Death to the Hyperlink
A short magical period of time existed, from 1995 to 1998, in the primordial ooze, before the original sin of the Internet, Google, raised its serpent head in Menlo Park and claimed to “not be evil.” That era was the heyday of the hyperlink, when pages loaded slowly, but being mostly markup and text, the information indeed loaded and linked. In those years, the web was clean: no popups, no ads, no carousels, no videos, no auto-play, no cookie notices, no subscription paywalls, no interstitial interjections, no clickbait, no nonsense. Even logins were rare, as there was little or no security guarding much of anything in the early days. But reading the web at that time was like a garden, really, like the garden of Eden.
Each site was unique because the owners hand crafted their html, often badly. The sites themselves were like roadside diners where you could stop and peruse and sample just to tour and mark a notch on the site counter. A complete lack of marketing and monetization gave it a flair that is no more.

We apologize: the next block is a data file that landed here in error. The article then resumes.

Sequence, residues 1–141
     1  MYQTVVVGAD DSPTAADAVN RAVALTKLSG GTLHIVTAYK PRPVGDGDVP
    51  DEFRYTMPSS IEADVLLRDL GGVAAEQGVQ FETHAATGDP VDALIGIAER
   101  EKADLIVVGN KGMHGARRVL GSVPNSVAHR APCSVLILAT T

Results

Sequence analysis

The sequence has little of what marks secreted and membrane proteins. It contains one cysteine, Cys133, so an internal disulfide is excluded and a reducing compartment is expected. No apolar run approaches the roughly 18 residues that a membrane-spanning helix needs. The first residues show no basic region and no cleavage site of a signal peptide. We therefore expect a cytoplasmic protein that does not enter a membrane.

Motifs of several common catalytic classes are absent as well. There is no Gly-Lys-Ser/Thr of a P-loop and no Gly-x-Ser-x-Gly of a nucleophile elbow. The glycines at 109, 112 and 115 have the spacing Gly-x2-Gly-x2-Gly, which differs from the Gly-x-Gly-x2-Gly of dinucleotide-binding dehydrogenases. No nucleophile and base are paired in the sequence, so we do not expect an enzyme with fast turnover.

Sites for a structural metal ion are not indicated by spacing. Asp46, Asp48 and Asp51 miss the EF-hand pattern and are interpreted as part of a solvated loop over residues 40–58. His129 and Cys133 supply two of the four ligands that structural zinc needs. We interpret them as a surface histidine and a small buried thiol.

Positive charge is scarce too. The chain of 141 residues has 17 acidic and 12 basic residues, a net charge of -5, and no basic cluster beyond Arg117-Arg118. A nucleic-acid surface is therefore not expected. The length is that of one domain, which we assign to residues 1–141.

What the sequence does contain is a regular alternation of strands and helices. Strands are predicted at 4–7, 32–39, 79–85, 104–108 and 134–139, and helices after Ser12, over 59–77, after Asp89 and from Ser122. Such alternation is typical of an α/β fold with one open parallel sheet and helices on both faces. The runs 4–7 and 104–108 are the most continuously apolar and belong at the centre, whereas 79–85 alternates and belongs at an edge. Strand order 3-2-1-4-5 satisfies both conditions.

Surely you have just uttered, “Oh, quit the nostalgia!” But is there a single site left on the web that you do not feel dirty after using? Do you not feel the need to shower after the gross tracking that Facebook has slathered upon you? No shame after the surveillance Amazon put on your mouse scroller as you lingered over an image? How about needing to sleep on your side after Google did a deep probe on you? The early internet couldn’t track a rabbit through snow. Actual freedom existed to search and read without being inside the Panopticon of the NSA and our corporate overlords.
Notice that I did not link to Panopticon. The reason I did not is because there are too many hyperlinks today, littered in every article, like a gaudy flea market. Too many memes and popups and noise, all with their own hyperlinks. There are reasons I did not hyperlink the word Panopticon.
- Hyperlinks distract. Links kill concentration and thwart the absorbtion of material. Links make for restless scrolling and page hopping. Any link in text divides our concentration and works against the content itself.